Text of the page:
Queen Of The Arts

VIEW MAP
queens-gallery-buckingham-palace
Slide background
Slide background
 

QUEEN OF THE ARTS

WORDS AND PHOTOGRAPHS BY DIVYA SEHGAL

I grew up reading fictional accounts of great artists. Tracy Chevalier's book based on Vermeer's painting of the same name, The Girl with a Pearl Earring (a print of which was gifted to me by my now husband on my 25th birthday and now hangs in our living room), Somerset Maugham's account of Paul Gauguin in Moon and the Sixpence and, of course, Van Gogh's life written by Irving Stone in Lust for Life. My “education” in in the history of classical and contemporary art began when I was around 11 and my father showed me prints of Goya’s Clothed and Nude Maja that he'd purchased but hadn't yet installed at our home. Once my dad realised that he had an art enthusiast in me, our weekends at home in Bangalore were spent in front of the computer looking at new artwork in the market.

I live in London now, and I try to catch all the art exhibitions curated by the various galleries here, the usual suspects being Royal Academy of Art, National Gallery, and Tate Modern. When I heard about the Dutch artists exhibition being held at the Queen’s Gallery at the Buckingham Palace, I was intrigued because I hadn’t realised there even was a Queen’s Gallery. So off I went to see the original paintings of artists like Rembrandt, Van Dyck and Vermeer, among others.

It’s the place to go to if you want to spend a lazy afternoon exploring the Royal Collection that’s big enough to satiate your hunger for good art and small enough to get an idea of the personal tastes of Europe’s kings and queens.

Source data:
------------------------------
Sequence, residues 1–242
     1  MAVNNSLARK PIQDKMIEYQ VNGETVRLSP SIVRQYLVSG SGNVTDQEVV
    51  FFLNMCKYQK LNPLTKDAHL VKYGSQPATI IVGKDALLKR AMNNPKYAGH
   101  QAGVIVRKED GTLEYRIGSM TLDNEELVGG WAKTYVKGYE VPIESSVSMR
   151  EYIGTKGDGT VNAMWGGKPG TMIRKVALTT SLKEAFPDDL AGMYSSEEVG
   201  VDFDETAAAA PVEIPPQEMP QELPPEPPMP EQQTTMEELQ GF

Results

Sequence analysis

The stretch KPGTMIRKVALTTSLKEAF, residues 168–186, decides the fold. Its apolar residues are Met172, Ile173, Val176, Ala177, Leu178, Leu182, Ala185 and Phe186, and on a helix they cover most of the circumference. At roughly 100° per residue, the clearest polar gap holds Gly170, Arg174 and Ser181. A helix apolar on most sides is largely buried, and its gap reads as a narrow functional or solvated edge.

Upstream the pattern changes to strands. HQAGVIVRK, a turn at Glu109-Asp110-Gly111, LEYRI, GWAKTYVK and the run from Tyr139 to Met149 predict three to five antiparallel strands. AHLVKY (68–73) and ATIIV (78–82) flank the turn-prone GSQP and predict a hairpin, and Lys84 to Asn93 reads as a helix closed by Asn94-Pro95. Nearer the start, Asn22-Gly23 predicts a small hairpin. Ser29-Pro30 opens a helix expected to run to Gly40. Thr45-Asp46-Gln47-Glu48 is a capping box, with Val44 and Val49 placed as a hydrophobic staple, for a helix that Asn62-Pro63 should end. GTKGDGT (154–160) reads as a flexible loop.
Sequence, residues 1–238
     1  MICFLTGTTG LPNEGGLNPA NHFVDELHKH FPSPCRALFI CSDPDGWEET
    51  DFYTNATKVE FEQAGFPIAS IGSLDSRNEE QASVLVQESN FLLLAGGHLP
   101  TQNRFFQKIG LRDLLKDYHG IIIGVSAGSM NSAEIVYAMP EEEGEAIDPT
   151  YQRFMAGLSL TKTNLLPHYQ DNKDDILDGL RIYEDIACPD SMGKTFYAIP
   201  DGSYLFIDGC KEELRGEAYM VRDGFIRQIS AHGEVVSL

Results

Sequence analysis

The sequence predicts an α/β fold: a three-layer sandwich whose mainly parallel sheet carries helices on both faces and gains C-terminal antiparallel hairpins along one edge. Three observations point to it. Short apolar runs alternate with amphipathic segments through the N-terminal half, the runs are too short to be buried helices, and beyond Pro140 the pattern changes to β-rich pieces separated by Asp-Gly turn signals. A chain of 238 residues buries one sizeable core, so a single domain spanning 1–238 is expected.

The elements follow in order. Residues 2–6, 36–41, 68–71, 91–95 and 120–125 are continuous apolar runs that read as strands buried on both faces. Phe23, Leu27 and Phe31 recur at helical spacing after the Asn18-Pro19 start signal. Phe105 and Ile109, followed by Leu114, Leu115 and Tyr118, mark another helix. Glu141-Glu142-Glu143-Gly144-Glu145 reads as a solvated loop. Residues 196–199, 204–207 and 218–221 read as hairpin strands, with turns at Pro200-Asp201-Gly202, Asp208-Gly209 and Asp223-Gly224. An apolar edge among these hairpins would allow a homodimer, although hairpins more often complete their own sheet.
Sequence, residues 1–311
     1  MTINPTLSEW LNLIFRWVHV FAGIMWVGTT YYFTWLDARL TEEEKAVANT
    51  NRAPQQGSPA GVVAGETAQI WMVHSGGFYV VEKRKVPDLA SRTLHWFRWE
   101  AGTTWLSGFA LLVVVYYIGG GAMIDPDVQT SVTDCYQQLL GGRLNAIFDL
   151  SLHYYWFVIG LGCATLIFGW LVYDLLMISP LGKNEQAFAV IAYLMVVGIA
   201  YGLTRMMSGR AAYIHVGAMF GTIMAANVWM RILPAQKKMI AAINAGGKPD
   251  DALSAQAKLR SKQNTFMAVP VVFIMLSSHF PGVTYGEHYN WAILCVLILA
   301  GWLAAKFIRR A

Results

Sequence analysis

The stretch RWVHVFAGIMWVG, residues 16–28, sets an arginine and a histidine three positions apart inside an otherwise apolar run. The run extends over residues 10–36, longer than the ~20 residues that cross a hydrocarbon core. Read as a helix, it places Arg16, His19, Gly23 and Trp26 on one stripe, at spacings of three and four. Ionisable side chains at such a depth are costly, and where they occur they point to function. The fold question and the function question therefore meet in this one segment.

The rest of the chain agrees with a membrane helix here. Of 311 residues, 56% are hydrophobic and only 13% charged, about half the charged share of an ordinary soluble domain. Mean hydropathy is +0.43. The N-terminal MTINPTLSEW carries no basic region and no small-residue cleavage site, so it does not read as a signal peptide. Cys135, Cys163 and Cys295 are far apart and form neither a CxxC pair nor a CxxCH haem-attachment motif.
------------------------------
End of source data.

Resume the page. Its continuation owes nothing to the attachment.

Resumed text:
The Queen’s Gallery has, as I imagined, tight security, and it isn’t big. It has two dedicated galleries for rotating exhibitions and collections and only showcases works of art from the Royal Collection. The Masters of Everyday: Dutch Artists in the Age of Vermeer exhibition showcased the Dutch masterpieces collected by kings and queens since Charles I and only covered two rooms. It was a small collection – the usual exhibitions in other galleries cover at least 10 rooms – but it meant I could spend a longer time viewing the paintings at leisure without feeling overwhelmed.

As the name of the exhibition suggests, the paintings highlighted everyday domestic work – Gerrit Dou’s A Girl Chopping Onions, Vermeer’s The Music Lesson. Others were larger paintings by Willem van de Velde (both the Elder and the Younger) depicting burning Dutch merchant ships, thousands of them with clouds of red fire.

I was pleasantly surprised that, despite the tight security, photography was allowed. Photography of any nature is strictly prohibited in other, larger galleries, but so long as we didn’t use the flash we could stand in front of a painting for as long as we wanted at The Queen’s Gallery with our cameras aimed and ready. We zoomed in and out with our phones and DSLRs, leaning closely or moving behind to get the best shot of our favourite paintings.

The Queen’s Gallery is in Buckingham Palace, but it’s far enough away from the buzz of tourists who crowd the Palace. It’s the place to go to if you want to spend a lazy afternoon exploring the Royal Collection that’s big enough to satiate your hunger for good art and small enough to get an idea of the personal tastes of Europe’s kings and queens. It’s a peek into the last great European royal art collection to survive the centuries and remain intact.

For admission prices and opening times, please visit The Queen's Gallery website.

The Queen's Gallery, Buckingham Palace Road, London, SW1A 1AA. Phone: 0303 123 7301